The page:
By studying simulated storms, meteorologists can better predict and prepare for potentially devastating events.
Some 1,200 tornadoes pass through the United States each year — more than any other country on Earth. And, within the U.S., Tornado Alley is their main route.
Scientists have now re-created a devastating supercell that swept through the central Great Plains in 2011. Luckily, the new storm touched down only in a simulation.
Led by Leigh Orf, an atmospheric scientist from the University of Wisconsin, Madison, the researchers used a supercomputer to re-create the tornado-producing supercell in an effort understand the structure and mechanisms at work within these huge storms. Most importantly, they wanted to know why certain storms create such intense tornadoes.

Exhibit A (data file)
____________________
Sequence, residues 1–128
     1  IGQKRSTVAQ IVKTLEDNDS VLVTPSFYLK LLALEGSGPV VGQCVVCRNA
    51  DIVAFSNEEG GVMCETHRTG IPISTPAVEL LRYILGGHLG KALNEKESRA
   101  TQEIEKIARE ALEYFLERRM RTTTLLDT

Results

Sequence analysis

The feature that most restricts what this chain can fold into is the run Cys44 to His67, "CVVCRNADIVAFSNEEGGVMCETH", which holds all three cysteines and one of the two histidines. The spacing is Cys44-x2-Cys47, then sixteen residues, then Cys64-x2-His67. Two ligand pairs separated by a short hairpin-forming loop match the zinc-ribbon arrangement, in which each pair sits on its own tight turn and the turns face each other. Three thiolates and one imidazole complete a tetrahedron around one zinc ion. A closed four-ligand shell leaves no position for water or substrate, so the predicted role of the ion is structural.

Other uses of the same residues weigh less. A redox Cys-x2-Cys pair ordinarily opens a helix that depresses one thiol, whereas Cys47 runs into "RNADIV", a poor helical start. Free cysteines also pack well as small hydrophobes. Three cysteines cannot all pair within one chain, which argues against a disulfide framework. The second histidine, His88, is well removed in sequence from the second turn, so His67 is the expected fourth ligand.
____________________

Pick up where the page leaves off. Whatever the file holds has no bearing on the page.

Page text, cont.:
During a four-day period in May 2011, a series of storms spawned tornadoes that devastated parts Oklahoma. “El Reno,” the biggest of these cyclones, swept through the landscape for almost two hours, leaving significant destruction in its wake.
With access to reliable environmental data from the storm, Orf and his team set out to re-create El Reno. Like the tornado, the task was huge, requiring a supercomputer to break the atmosphere into almost two 2 billion grid points 75 miles wide, 75 miles long, and nearly 12.5 miles tall. The team was eventually able to re-create the weather conditions present during the storm and identify the atmospheric factors — from wind speed to humidity — leading up to it.
“We are just starting to really dig into the data,” Orf told Digital Trends, “so we lack definitive results at this time.” However, the researchers have found that corkscrew-like features called helical flows seem to accompany tornadoes but never directly interact with them.
“We also found that tornado formation was associated with many smaller ‘mini-tornadoes’ merging along the forward flank downdraft boundary before the main tornado formed,” he said. “We think that these vortices may play a key role in getting the tornado to form.”